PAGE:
We find that attention regularization improves translation across all metrics and especially on metrics that are targeted to pronouns. We can conclude that regularizing attention with SCAT can effectively improve ambiguous pronoun translation. We also find that models with attention regularization obtain better attention alignment with SCAT. We can also see that the model with attention regularization assigns higher attention to the words "report" and "rapport" in this example while translating the ambiguous pronoun, and then is able to translate the pronoun correctly. This suggests that models that attention regularization with SCAT can encourage models to pay the right attention and thus allowing them to translate ambiguous words correctly.
Our paper contains more experiments that demonstrate that models with attention regularization with SCAT rely more on the supporting context that has been selected by humans, and that regularizing the encoder self-attention gives the largest improvements in translation performance compared to regularizing other types of model attention. Performance on word-sense disambiguation does not improve much when we supervise the model attention using human rationales for pronoun anaphora resolution. To summarize, we asked humans to tell us what context is useful to translate ambiguous words and we collected a corpus of 14 000 supporting context. Then, we use the SCAT dataset to measure alignment between human and model attention, and we find that previous context-aware models have very low alignment. We, therefore, use SCAT to regularize attention in context-aware translation models and we thus obtain better model-human alignment, better context usage, and better translation quality. You can find more information on our work in our paper as well as the code and data that are publicly available, and we thank you for your attention :)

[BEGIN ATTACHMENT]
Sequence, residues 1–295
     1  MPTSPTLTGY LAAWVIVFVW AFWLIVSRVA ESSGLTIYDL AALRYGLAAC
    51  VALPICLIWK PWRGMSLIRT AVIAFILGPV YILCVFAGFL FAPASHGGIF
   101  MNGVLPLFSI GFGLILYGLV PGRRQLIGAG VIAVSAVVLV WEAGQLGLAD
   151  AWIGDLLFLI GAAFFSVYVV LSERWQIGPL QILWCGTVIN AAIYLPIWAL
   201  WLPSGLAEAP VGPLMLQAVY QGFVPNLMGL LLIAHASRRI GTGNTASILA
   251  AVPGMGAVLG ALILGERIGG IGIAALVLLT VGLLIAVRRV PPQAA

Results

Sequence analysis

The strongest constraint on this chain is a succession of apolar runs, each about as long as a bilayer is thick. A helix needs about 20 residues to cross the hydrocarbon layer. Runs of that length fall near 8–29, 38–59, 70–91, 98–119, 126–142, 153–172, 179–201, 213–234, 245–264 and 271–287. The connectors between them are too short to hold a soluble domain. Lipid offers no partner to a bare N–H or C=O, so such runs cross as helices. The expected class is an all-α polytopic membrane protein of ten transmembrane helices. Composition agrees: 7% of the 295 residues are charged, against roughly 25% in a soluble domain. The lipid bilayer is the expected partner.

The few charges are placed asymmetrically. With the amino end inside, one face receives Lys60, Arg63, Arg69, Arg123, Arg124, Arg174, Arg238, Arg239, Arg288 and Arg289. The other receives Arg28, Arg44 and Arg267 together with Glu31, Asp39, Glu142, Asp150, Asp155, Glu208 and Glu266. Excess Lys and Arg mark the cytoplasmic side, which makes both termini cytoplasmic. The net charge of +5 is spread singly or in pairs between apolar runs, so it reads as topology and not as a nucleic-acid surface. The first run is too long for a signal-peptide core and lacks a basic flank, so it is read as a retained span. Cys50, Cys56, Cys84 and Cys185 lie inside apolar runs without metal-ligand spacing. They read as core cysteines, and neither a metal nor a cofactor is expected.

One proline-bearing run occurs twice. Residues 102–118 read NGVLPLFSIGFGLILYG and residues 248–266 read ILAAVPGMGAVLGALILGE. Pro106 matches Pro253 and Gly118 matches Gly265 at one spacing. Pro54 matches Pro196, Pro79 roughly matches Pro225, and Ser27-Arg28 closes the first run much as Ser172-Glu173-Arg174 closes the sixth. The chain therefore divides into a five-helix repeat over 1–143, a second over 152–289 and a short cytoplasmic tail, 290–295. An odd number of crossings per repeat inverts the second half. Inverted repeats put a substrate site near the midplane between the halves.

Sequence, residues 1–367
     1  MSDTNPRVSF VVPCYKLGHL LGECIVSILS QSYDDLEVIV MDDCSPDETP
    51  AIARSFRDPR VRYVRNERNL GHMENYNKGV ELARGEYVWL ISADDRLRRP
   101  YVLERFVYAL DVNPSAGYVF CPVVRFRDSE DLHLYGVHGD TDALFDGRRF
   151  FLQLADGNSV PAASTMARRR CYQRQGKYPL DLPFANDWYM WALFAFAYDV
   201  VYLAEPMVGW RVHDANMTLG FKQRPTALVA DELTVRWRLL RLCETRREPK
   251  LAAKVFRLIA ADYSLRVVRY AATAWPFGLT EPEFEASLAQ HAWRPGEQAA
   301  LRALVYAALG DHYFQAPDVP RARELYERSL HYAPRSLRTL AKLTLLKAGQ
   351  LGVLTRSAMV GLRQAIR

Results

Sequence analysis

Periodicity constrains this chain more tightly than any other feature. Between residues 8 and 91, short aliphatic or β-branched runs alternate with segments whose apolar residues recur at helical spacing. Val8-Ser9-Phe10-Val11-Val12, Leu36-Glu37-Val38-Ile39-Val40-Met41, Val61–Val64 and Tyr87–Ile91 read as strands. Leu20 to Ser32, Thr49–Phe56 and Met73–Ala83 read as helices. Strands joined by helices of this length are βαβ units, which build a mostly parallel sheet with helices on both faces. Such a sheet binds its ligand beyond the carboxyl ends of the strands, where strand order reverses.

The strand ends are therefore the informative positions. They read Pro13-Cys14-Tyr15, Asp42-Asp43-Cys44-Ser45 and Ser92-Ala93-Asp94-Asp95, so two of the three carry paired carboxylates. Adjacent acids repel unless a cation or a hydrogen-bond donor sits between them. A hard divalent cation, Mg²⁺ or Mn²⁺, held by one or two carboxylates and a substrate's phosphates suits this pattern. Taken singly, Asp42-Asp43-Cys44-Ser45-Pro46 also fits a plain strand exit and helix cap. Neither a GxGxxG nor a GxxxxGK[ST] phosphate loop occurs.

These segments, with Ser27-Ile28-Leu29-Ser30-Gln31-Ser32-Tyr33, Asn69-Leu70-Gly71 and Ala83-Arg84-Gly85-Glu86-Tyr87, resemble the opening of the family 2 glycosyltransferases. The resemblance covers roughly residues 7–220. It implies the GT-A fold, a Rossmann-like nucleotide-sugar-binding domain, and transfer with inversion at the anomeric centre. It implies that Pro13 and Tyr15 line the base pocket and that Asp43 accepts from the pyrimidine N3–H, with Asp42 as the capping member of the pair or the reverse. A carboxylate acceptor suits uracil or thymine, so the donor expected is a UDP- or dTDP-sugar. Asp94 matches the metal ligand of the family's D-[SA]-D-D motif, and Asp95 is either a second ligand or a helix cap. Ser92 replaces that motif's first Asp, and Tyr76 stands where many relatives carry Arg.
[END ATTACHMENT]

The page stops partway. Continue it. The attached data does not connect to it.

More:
Kayo Yin: ACL 2021: Do Context-Aware Translation Models Pay the Right Attention? - Translation and proofreading